TABLE 2 – TOP 20 FANTASY QBs – 2009

RANK

PLAYER

TEAM

G

FP

FP/G

1

Aaron Rodgers

GB

16

402.10

25.13

2

Drew Brees

NO

15

370.70

24.71

3

Matt Schaub

HOU

16

360.60

22.54

4

Peyton Manning

IND

16

355.70

22.23

5

Tony Romo

DAL

16

344.65

21.54

6

Brett Favre

MIN

16

342.80

21.43

7

Tom Brady

NE

16

342.30

21.39

8

Ben Roethlisberger

PIT

15

340.40

22.69

9

Philip Rivers

SD

16

335.70

20.98

10

Eli Manning

NYG

16

315.55

19.72

11

Jay Cutler

CHI

16

314.50

19.66

12

Kurt Warner

ARI

15

296.90

19.79

13

Donovan McNabb

PHI

13

291.75

22.44

14

Jason Campbell

WAS

16

290.50

18.16

15

David Garrard

JAC

16

290.15

18.13

16

Kyle Orton

DEN

16

281.20

17.58

17

Joe Flacco

BAL

16

270.85

16.93

18

Carson Palmer

CIN

16

266.00

16.63

19

Matt Ryan

ATL

14

244.70

17.48

20

Matt Hasselbeck

SEA

14

231.35

16.53

Quarterbacks on winning teams were far more productive, consistent and prone to posting big fantasy games. Seven of the passers ranked in the top 10 were on playoff teams, while just four of the signal-callers ranked in the second tier led teams that made it to the post-season. If you had to chose, would you prefer a quarterback from the group ranked No. 1 through No. 10 or the group ranked No. 11 through No. 20?

GROWING TIGHT END LOVE

The prolific NFL passing attacks boosted not only the value of wide receivers but also the value of a handful of tight ends. Some fantasy owners mined the tight end position early in drafts as a source of consistent scoring. The elites — particularly Dallas Clark (Colts), Antonio Gates (Chargers) and Jason Witten (Cowboys) — went off many draft boards as early as the third round this past season.

TABLE 3 – TOP 20 FANTASY TEs – 2009

RANK

PLAYER

TEAM

FP (PPR)

1

Dallas Clark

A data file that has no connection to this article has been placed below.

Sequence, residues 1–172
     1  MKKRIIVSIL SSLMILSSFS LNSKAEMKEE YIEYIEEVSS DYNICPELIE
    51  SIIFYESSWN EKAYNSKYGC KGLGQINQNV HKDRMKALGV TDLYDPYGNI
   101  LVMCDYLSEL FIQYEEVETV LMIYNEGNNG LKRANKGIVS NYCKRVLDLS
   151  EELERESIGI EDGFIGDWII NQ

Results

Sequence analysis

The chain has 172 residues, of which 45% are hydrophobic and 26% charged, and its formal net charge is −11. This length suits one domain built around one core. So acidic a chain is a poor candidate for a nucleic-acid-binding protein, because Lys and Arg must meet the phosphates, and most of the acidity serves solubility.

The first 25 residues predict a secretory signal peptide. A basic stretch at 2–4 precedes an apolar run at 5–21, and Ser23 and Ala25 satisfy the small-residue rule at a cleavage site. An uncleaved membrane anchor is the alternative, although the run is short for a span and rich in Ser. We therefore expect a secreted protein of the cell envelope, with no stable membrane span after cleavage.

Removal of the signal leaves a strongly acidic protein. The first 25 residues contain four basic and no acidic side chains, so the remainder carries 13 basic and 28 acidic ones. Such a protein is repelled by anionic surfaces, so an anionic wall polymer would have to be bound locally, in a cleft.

IND

271.70

2

Vernon Davis

SF

252.50

3

Antonio Gates

SD

242.70

4

Brent Celek

PHI

221.10

5

Jason Witten

DAL

209.00

6

Tony Gonzalez

ATL

205.70

7

Kellen Winslow

TB

196.10

8

Heath Miller

PIT

190.90

9

Visanthe Shiancoe

MIN

178.60

10

Greg Olsen

CHI

169.20

11

Zach Miller

OAK

164.50

12

Jermichael Finley

GB

152.60

13

John Carlson

SEA

150.40

14

Todd Heap

BAL

148.50

15

Fred Davis

WAS

134.90

16

Kevin Boss

NYG

130.30

17

Jeremy Shockey

NO

122.90

18

Owen Daniels

HOU

121.90

19

Dustin Keller

NYJ

109.90

20

Benjamin Watson

NE

99.40

How valuable were the top tight ends in PPR leagues? Look at the data in Table 4. I have taken the fantasy running back and wide receiver statistics from Table 1 and added the tight ends accordingly.

TABLE 4 – TOP 2009 SCORERS – RB, WR & TE

RANK

PLAYER

TEAM

POS

FP (PPR)

1

Chris Johnson

TEN

RB

398.90

2

Adrian Peterson

MIN

RB

333.50

3

Ray Rice

BAL

RB

330.10

4

Maurice Jones-Drew

JAC

RB

325.50

5

Andre Johnson

HOU

WR

312.90

6

Randy Moss

NE

WR

287.40

7

Reggie Wayne

IND

WR

286.40

8

Wes Welker

NE

WR

285.40

9

Larry Fitzgerald

ARI

WR

284.20

10

Frank Gore

SF

RB

282.60

11

Miles Austin

DAL

WR

278.80

12

Brandon Marshall

DEN

WR

276.90

13

Dallas Clark

IND

TE

271.70

14